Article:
2008 Pontiac G8 Long Term Road Test - Wrap-Up

2008 Pontiac G8 Long-Term Road Test

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Here at Edmunds.com, we're a bit like puppy breeders. We get attached to our new babies while we have them, but then we can let them go easily when the time comes.

This time, however, things were different. When the 2008 Pontiac G8 GT came to us in 2008, we were hoping that it wouldn't be the last Detroit-built rear-wheel-drive sedan that we ever drove, and we also hoped that this car would bring back Pontiac from the brink of extinction, since it's a brand that we've always loved.

But as it turned out, the 2008 Pontiac G8 GT would be our last-ever Pontiac. And we hated to see it go.

Why We Got It
For us, the G8 GT was the Great Big Hope. Not only did it have a massive V8 matched with rear-wheel drive in a combination that we covet so, but also it had a high-quality interior, European-inspired handling, sharp looks and, all things considered, a bargain-basement price. We were aware of the car long before its debut at the 2007 Chicago Auto Show and even went to Australia to test the 2007 Holden Commodore SS from which it's derived.

This car appealed to old guys who remember the Chevy Caprice (especially the 1991-'96 Chevy Impala SS to which it led). It appealed to kids who have seen the test that Top Gear conducted of the G8's sister car, the Vauxhall VXR8. As for us, the Pontiac G8 helped us remember what we like about the traditional American sedan with a long hood, too much power, giant doors and room for six (eight if you double-buckle).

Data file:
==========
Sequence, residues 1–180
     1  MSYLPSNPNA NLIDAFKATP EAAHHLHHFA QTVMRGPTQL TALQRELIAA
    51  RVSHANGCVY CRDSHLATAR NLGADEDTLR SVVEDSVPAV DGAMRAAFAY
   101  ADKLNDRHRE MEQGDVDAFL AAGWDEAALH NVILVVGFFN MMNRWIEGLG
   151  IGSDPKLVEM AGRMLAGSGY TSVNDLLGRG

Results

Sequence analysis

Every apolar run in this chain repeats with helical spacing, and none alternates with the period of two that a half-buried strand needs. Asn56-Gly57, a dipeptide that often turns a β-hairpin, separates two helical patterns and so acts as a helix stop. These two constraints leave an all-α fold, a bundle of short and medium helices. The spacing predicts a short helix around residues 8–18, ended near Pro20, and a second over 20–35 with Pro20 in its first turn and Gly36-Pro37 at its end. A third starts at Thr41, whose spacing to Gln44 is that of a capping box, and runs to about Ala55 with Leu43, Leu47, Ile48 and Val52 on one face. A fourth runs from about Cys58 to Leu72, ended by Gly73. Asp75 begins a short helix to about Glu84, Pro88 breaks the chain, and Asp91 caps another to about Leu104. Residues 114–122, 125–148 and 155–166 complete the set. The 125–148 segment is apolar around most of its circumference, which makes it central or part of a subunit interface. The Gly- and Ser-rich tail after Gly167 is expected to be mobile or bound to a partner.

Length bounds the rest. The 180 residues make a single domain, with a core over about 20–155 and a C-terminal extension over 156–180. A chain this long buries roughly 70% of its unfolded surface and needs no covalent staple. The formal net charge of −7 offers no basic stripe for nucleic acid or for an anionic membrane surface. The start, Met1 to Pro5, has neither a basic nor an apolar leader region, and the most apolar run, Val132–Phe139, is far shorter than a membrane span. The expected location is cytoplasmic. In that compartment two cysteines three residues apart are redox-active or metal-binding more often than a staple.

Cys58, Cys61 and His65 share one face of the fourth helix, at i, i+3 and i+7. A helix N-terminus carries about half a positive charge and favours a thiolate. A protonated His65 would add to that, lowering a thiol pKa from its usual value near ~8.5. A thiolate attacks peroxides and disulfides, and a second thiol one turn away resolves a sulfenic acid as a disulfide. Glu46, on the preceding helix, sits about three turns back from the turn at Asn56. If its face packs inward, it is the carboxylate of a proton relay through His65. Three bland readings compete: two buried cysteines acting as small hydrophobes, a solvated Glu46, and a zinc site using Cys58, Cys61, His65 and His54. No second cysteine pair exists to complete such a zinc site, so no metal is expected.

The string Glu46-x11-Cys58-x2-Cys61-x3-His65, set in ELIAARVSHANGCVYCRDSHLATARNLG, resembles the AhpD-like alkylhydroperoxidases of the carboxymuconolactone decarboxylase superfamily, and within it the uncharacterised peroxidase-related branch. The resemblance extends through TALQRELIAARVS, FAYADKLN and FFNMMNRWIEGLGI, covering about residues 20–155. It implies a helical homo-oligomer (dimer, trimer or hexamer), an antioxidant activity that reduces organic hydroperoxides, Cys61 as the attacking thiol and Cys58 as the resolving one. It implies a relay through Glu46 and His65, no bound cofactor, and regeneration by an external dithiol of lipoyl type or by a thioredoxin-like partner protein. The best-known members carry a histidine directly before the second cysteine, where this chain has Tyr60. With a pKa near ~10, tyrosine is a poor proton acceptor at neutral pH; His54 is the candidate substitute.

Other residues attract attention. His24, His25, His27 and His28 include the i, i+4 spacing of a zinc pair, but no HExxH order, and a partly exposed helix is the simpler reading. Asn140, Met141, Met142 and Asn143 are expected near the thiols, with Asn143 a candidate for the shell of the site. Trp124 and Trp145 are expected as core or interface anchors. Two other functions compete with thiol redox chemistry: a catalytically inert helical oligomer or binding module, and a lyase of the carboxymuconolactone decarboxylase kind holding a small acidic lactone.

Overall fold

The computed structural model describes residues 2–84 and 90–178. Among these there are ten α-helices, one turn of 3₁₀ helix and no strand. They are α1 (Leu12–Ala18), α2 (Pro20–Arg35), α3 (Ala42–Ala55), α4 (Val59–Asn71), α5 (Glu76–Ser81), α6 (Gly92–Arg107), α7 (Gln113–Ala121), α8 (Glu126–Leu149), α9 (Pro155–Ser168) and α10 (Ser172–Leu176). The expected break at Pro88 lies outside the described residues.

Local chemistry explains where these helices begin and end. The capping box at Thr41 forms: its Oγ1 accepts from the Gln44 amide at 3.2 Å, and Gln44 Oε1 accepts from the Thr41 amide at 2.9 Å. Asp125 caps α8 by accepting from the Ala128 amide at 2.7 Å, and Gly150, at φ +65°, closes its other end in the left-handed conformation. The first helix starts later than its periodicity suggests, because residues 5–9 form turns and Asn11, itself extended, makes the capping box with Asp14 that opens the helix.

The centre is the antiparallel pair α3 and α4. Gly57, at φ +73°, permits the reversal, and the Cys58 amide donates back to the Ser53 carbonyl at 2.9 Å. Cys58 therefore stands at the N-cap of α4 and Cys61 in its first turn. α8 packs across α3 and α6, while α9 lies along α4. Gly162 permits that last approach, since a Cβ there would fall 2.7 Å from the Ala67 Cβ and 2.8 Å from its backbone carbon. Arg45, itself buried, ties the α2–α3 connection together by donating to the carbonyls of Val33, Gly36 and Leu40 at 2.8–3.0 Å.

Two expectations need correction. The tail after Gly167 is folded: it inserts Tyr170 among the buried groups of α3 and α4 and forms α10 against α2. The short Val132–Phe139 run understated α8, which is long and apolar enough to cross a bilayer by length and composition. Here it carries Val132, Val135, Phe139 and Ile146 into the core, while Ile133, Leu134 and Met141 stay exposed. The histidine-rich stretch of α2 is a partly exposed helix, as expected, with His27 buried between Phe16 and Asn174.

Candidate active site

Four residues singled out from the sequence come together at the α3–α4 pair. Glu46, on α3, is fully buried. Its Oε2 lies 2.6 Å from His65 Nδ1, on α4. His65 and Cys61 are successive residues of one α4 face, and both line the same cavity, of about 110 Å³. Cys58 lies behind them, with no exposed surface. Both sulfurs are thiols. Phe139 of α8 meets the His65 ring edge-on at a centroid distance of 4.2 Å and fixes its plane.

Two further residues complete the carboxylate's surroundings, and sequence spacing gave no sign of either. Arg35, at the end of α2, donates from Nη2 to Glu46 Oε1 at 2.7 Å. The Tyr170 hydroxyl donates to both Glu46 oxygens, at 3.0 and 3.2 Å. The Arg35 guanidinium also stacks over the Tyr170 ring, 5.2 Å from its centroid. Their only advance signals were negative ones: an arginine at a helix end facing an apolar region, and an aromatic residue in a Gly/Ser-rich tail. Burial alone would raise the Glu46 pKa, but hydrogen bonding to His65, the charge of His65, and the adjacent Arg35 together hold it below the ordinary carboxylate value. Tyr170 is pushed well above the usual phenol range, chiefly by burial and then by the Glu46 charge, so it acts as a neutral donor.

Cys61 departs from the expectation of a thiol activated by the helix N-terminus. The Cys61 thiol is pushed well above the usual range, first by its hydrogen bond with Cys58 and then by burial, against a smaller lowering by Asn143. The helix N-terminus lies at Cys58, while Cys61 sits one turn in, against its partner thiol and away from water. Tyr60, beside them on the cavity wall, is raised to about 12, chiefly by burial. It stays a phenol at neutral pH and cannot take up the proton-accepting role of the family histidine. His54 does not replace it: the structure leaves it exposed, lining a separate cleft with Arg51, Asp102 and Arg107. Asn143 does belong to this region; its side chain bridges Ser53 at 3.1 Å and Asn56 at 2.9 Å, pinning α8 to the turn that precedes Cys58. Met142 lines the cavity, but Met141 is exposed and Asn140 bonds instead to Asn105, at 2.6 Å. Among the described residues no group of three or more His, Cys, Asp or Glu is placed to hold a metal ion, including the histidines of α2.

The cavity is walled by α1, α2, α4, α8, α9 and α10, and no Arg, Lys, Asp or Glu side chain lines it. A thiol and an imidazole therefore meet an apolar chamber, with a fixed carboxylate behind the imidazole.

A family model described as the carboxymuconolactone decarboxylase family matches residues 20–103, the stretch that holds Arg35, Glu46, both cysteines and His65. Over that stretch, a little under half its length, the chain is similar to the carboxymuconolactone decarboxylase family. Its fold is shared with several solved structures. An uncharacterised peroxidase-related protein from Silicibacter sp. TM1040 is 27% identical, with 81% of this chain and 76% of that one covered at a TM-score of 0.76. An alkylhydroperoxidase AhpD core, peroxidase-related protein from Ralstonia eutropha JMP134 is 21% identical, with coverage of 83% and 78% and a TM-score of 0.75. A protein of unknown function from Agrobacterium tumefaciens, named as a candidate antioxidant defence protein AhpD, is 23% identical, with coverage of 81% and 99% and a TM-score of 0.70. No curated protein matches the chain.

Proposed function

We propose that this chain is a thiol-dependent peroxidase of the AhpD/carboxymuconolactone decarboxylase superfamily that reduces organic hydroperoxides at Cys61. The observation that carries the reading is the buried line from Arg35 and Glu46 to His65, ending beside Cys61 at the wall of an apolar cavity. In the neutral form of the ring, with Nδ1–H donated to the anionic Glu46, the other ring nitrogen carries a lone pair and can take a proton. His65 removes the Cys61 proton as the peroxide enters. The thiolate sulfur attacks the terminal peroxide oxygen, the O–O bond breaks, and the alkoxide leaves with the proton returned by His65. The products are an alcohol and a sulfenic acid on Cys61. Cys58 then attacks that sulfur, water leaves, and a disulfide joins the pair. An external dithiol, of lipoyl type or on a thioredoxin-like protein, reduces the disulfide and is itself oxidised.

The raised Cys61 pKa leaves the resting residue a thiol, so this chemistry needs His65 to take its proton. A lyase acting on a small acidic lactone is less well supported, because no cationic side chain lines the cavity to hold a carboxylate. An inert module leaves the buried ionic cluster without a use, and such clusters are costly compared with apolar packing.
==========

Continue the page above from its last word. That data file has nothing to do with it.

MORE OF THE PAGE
Plus, just look at the thing. How cool is that? Forget the reasonable reasons; we pretty much bought this one because it made us feel cool.

With a 361-horsepower overhead-valve 6.0-liter LS76 V8 that can trace its roots back to the beginning of automotive consciousness (i.e., the '55 Chevy), we expected nothing short of perfection from the 2008 Pontiac G8 GT's engine room. But we weren't sure if the Australian planners and assembly-line workers had executed the chassis package in the same spirit. So considering that, it's something to say that we were pleasantly surprised by what the G8 GT returned.

Not only did our 2008 Pontiac G8 GT provide just under 36,000 trouble-free miles, but it did so under sometimes stressful conditions — which resulted in a $684.67 bill for new rear tires.

But for all that, our G8 required only three oil changes. That's three, not the 12 oil changes that might have been required back in the days when you had to change your low-grade mineral oil every 3,000 miles. We just let the Pontiac's electronic sensors determine when the oil had to be changed. And since the cost of each oil change averaged $35, we saved a lot of cash, not to mention a lot of time, by listening to the sensors. Also we saved a lot of oil, using 27 quarts instead of 108.

"Edmunds.com," you're saying, "my daddy taught me to change the oil every 3,000 miles. He'd die and then roll over in his grave if I told him about a 13,000-mile interval between oil changes. Got any proof this works?"

Yes, we do! Just before the G8's final oil change, Senior Consumer Advice Editor Phillip Reed sent a sample of the G8's oil to Blackstone Labs for analysis. The sample came back good on all fronts, but just barely so. Turns out that the G8's sensor was correct, and so 13,000 miles proved to be the perfect mileage to ensure that the oil's goodness had been used to its fullest, since there wasn't much life left in it. But another lesson here is, when the service light turns on, get it done fast, because the oil is done.

These things were to be expected, though. What we didn't expect was a 14-day repair for a wheel-speed sensor/traction control failure, a broken key fob and a loose center trim panel (which Dan Edmunds fixed himself). New brakes were necessary at the end of the 2008 Pontiac G8's service life, but parts availability and time constraints meant that we sold the car at a slight discount after making full disclosure about the brakes.